The Importance of Monitoring and Mitigating the Safety-Net Consequences of Regulation-Induced Innovation
Edward J. Kane
Boston College - Department of Finance; National Bureau of Economic Research (NBER)
November 1, 2009
Networks Financial Institute, Policy Brief No. 2009-PB-08
Finlawmetrics 2010 Conference Paper
To be effective, programs of regulatory reform must address the incentive conflicts that intensify financial risk-taking and undermine government insolvency detection and crisis management. Subsidies to risk taking that large institutions extract from the financial safety net encourage managers to make their firms riskier, harder to supervise, and even more difficult to fail and unwind. Except in the very short run, repealing the Gramm-Leach-Bliley Act or breaking up so-called too-big-to-fail institutions will do little to arrest subsidy-induced activities. Rebuilding Glass-Steagall barriers between banking, securities, and insurance firms would instead make implicit taxpayer support of large institutions less transparent and serve foreign interests by encouraging conglomerate firms to operate affected businesses through foreign subsidiaries. To discourage financial institutions from abusing safety-net support, government supervisors must be made specifically accountable for delivering and pricing safety-net benefits fairly and efficiently. If it wants to make the system more stable, Congress should focus on: rewriting top officials’ oaths of office; changing the ways top officials are paid and the ways they measure and report regulatory performance; and changing the kinds of securities that large institutions have to issue.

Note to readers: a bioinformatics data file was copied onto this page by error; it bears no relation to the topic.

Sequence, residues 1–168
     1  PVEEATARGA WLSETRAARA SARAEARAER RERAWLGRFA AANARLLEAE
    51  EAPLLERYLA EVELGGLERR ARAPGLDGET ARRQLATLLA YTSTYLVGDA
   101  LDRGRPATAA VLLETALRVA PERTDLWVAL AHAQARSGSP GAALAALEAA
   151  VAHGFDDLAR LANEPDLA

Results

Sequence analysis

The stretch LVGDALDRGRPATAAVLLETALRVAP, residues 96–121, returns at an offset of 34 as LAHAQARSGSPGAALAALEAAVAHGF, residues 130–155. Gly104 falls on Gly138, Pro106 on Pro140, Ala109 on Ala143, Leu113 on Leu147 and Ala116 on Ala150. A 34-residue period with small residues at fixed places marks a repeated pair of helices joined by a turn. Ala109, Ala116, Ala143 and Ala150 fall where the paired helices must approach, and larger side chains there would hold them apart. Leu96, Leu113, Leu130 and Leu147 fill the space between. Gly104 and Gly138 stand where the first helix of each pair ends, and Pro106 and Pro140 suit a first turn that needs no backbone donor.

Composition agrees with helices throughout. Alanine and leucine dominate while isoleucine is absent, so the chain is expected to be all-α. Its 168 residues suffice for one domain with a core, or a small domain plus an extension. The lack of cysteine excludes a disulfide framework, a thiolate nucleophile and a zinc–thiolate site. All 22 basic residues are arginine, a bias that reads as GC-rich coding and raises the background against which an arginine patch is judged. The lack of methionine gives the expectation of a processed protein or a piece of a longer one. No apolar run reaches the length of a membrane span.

Number of Pages in PDF File: 17
Keywords: Financial Crisis, Financial Reform, Gramm Leach Bliley Act, Glass Steagall Act, Financial Safety Net, Accountability
JEL Classification: G21, G28, G32, G38, F42
Date posted: November 18, 2009 ; Last revised: July 29, 2014
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